To assess whether the NPY::Cre INs contribute to the tactile inhibition of itch, we asked if the NPY::Cre INs are innervated by cutaneous low-threshold mechanoreceptors (LTMs). In Pitx2-EGFP mice (GENSAT; EGFP, enhanced green fluorescent protein), myelinated hair follicle afferent fibers that selectively express GFP (fig. S7, A to C) form multiple contacts on the cell bodies and dendrites of NPY::Cre INs (Fig. 4, A and B). When cholera toxin B (CTB) was injected into the hairy skin (fig. S7, D to G) (24), presumptive CTB+/vGluT1+ Aβ- and Aδ-LTM synaptic boutons and putative CTB+/vGluT1 C-LTM synaptic contacts were detected on NPY::Cre-tdTomato+ INs in laminae III and IV (Fig. 4C and fig. S7Ga, arrows) and lamina II (Fig. 4C and fig. S7Gb), respectively. The synaptic nature of these contacts was confirmed by single-synapse transsynaptic rabies tracing (Fig. 4, D to G, and fig. S7, H to J) and whole-cell recordings from NPY::Cre-tdTomato neurons (Fig. 4H). Our demonstration that the NPY::Cre INs receive LTM inputs, coupled with evidence from humans that mechanical itch is gated by LTMs (8), suggests that NPY::Cre INs mediate the tactile inhibition of mechanical itch.

Fig. 4 NPY::Cre INs form a feedforward inhibitory pathway from hairy skin to suppress mechanical itch.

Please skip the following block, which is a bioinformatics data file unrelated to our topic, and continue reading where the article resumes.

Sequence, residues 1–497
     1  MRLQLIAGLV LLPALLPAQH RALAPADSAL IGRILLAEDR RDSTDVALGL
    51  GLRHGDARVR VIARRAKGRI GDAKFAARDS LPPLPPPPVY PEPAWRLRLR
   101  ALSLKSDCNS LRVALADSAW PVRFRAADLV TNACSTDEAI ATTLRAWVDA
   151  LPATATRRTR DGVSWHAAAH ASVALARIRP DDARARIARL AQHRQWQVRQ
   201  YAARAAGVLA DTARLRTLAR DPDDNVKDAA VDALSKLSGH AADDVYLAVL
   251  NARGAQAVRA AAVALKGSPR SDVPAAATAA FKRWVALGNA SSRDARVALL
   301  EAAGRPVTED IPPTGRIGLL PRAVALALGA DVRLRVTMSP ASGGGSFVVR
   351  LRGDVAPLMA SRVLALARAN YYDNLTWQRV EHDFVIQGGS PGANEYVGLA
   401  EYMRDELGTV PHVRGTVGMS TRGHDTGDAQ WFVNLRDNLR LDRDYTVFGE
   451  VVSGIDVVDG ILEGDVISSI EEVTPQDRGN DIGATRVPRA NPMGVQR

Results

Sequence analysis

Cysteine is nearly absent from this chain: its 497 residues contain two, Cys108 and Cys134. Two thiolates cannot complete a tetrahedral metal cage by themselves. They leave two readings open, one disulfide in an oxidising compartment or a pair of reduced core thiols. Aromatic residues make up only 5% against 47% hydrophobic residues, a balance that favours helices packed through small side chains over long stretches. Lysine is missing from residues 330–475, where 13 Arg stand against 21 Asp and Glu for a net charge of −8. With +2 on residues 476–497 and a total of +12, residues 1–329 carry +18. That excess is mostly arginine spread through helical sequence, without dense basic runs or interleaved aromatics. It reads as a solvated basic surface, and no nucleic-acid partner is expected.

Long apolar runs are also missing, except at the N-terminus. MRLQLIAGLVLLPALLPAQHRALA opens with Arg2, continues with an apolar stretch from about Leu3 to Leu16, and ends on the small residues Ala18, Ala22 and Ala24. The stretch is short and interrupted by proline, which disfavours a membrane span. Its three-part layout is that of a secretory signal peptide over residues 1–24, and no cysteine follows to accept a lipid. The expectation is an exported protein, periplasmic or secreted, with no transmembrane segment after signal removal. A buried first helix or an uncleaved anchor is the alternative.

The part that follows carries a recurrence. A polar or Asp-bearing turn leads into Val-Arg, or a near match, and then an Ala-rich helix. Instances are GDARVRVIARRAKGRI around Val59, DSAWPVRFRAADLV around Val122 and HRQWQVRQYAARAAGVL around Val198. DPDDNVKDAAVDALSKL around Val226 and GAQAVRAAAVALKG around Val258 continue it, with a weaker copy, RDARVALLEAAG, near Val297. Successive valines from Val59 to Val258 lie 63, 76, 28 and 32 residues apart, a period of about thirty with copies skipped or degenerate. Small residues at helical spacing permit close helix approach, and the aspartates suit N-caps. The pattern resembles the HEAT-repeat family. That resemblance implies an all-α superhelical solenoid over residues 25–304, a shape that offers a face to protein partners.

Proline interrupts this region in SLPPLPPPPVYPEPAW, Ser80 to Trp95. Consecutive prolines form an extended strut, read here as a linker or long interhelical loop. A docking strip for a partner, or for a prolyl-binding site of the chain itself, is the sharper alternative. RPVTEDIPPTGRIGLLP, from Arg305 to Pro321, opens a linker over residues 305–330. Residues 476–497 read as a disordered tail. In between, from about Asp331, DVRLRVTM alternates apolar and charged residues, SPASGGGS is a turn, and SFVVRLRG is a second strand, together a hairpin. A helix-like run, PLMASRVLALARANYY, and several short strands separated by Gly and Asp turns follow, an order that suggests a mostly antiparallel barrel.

(A to B′′′) Sections from the lumbar dorsal spinal cord of NPY::Cre; R26LSL-tdTomato; Pitx2-EGFP mice, showing Pitx2-EGFP+ LTM synaptic terminal afferent fibers (GFP+/vGluT1+) in close apposition to NPY::Cre-TdTomato+ INs. Higher-magnification images of the boxed areas in (A) are shown in (B) to (B′′′). Arrows indicate synaptic contacts. (C) Sections from lumbar dorsal spinal cord of NPY::Cre; R26LSL-tdTomato mice 3 days after injection of CTB in hairy skin stained with the indicated markers. Arrows indicate myelinated contacts; arrowheads denote unmyelinated contacts. (D to G) Transynaptic labeling of LTMs after selective infection of NPY::Cre INs with pseudotyped EnvA-mCherry rabies virus. Shown are representative sections through the dorsal root ganglion of a P13 NPY::Cre; Lbx1FlpO; R26ds-HTB mouse stained with the indicated markers of LTM subtypes [(D) to (F)]. Arrows indicate double labeled neurons. (G) Quantification of sensory neuronal markers in relation to the total number of mCherry+ neurons. Data: mean ± SEM; n = 3 mice. (H) Classification of potentials in NPY::Cre INs induced by dorsal root stimulation. Of the 27 recorded cells, 3 cells with a monosynaptic Aβ input displayed a second monosynaptic Aδ (1 cell) and polysynaptic C (2 cells) input. (I and J) In vivo extracellular recordings from lumbar dorsal spinal cord neurons in response to mechanical stimulation of hairy and glabrous skin. (I) Increase in the mean of afterdischarge firing of neurons with hairy-skin receptive fields in NPY::Cre IN–ablated mice compared with control mice (control: 0.4 ± 0.3 spikes/s, n = 7 cells; NPY::Cre IN–ablated: 4.9 ± 1.4 spikes/s, n = 7 cells; two-way analysis of variance, *P = 0.03). The number of spikes fired during active brushing was unchanged (control: 22.3 ± 4.2 spikes/s, n = 7 cells; NPY::Cre IN–ablated: 20.1 ± 5.7 spikes/s, n = 7 cells). (J) Afterdischarge firing of neurons with glabrous-skin receptive fields in NPY::Cre IN–ablated compared with control mice (control: 0.9 ± 0.3 spikes/s, n = 5 cells; NPY::Cre IN–ablated: 0.5 ± 0.2 spikes/s, n = 7 cells). The number of spikes fired during active brushing was unchanged (control: 14.1 ± 2.4 spikes/s, n = 5 cells; NPY::Cre IN–ablated: 15.3 ± 2.8 spikes/s, n = 7 cells). (K) Model for the mechanical itch pathway: Light-touch stimuli on hairy skin stimulates LTMs to evoke mechanical itch. This itch pathway is gated by other LTMs via their activation of inhibitory NPY::Cre INs. The mechanical itch circuit is independent of the chemical itch pathways transduced by natriuretic peptide receptor A, GRP, and GRPR (26), which are gated by inhibitory Bhlhb5-dependent INs. Scale bars: 10 μm [(A) to (C)]; 50 μm (F). Error bars indicate SEM [(G), (I), and (J)].